Unless you’ve been living under a rock the last several weeks/months, I’m sure you are well aware of the situation of Ebola, making it’s way into the United States. While the major outbreaks seem to be localized in the Texas area, you never know if it will spread further. You can help protect yourself and the ones you love from this virus by staying informed. Understanding the symptoms of the virus, how it’s spread, and how to clean to avoid it spreading; are all ways you can help protect yourself from Ebola. The following is an article from The Associated Press, which answers a few of the more common questions about how Ebola, is spread.
Ebola: How it spreads
Here are some facts about how Ebola spreads:
WHEN IS EBOLA CONTAGIOUS?
Only when someone is showing symptoms, which can start with vague symptoms including a fever, flu-like body aches and abdominal pain, and then vomiting and diarrhea.
HOW DOES EBOLA SPREAD?
Through close contact with a symptomatic person’s bodily fluids, such as blood, sweat, vomit, feces, urine, saliva or semen. Those fluids must have an entry point, like a cut or scrape or someone touching the nose, mouth or eyes with contaminated hands, or being splashed. That’s why health care workers wear protective gloves and other equipment.
The World Health Organization says blood, feces and vomit are the most infectious fluids, while the virus is found in saliva mostly once patients are severely ill and the whole live virus has never been culled from sweat.
WHAT ABOUT MORE CASUAL CONTACT?
Ebola isn’t airborne. Dr. Tom Frieden, director of the Centers for Disease Control and Prevention, has said people don’t get exposed by sitting next to someone on the bus.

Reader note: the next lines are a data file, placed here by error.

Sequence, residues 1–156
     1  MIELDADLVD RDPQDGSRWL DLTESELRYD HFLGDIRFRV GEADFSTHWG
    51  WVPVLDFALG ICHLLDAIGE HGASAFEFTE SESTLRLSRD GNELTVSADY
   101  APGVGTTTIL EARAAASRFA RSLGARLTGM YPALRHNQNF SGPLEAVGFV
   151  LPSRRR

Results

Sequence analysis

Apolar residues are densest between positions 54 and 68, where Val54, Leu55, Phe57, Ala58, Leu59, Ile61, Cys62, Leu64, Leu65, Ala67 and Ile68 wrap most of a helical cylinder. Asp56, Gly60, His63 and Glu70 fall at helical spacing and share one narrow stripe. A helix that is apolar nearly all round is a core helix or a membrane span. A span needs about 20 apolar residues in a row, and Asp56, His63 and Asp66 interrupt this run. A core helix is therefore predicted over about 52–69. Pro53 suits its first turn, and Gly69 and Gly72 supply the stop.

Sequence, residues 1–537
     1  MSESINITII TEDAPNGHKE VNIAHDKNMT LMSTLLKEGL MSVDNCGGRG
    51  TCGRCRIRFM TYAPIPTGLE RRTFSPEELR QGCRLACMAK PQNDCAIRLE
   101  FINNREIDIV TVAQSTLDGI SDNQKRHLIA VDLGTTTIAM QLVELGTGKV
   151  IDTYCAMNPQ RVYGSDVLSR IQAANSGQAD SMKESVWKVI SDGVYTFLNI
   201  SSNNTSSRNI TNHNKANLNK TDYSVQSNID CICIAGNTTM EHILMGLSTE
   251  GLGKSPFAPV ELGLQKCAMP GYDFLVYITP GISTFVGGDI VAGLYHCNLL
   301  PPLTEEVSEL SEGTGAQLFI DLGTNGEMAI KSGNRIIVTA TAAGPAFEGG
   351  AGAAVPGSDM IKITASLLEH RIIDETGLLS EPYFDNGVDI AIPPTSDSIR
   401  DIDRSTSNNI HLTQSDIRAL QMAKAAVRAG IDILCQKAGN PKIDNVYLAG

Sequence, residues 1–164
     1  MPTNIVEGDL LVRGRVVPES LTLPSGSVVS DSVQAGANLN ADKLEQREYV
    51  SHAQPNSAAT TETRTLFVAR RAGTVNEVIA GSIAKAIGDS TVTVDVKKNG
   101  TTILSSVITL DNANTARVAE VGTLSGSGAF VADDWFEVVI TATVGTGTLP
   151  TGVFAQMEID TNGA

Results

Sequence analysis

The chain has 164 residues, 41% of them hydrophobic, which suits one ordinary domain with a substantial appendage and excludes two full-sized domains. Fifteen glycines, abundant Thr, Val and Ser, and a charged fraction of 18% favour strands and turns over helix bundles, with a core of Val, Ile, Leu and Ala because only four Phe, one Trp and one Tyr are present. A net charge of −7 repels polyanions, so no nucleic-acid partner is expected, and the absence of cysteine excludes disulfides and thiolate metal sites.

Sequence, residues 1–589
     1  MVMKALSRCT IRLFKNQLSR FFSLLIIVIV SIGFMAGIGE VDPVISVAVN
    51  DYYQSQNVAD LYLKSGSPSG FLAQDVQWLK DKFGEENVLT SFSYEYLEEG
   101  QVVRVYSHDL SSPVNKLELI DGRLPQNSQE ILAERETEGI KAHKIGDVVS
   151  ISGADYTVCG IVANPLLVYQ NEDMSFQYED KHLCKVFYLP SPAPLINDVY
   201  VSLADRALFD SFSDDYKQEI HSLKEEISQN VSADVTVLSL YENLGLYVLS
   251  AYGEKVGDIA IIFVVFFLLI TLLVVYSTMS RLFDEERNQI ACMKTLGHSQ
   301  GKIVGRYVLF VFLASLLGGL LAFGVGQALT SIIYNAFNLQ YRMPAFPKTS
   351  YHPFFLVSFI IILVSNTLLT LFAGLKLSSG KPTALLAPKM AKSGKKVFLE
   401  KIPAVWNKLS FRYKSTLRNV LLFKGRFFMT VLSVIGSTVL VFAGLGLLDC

“This is not like flu. It’s not like measles, not like the common cold. It’s not as spreadable, it’s not as infectious as those conditions,” he added.
CAN DOGS SPREAD IT?
No one knows. Authorities euthanized the pet dog of a Spanish nursing assistant who caught Ebola while caring for a patient there. No case of Ebola spreading between dogs and people has ever been documented. But at least one study suggests dogs may be able to get Ebola without showing symptoms.
WHO GETS TESTED WHEN EBOLA IS SUSPECTED?
Hospitals with a suspected case call their health department or the CDC to go through a checklist to determine the person’s level of risk. Among the questions are whether the person reports a risky contact with a known Ebola patient, how sick they are and whether an alternative diagnosis is more likely. Most initially suspicious cases in the U.S. haven’t met the criteria for testing.
HOW IS IT CLEANED UP?
The CDC says bleach and other hospital disinfectants kill Ebola. Dried virus on surfaces survives only for several hours.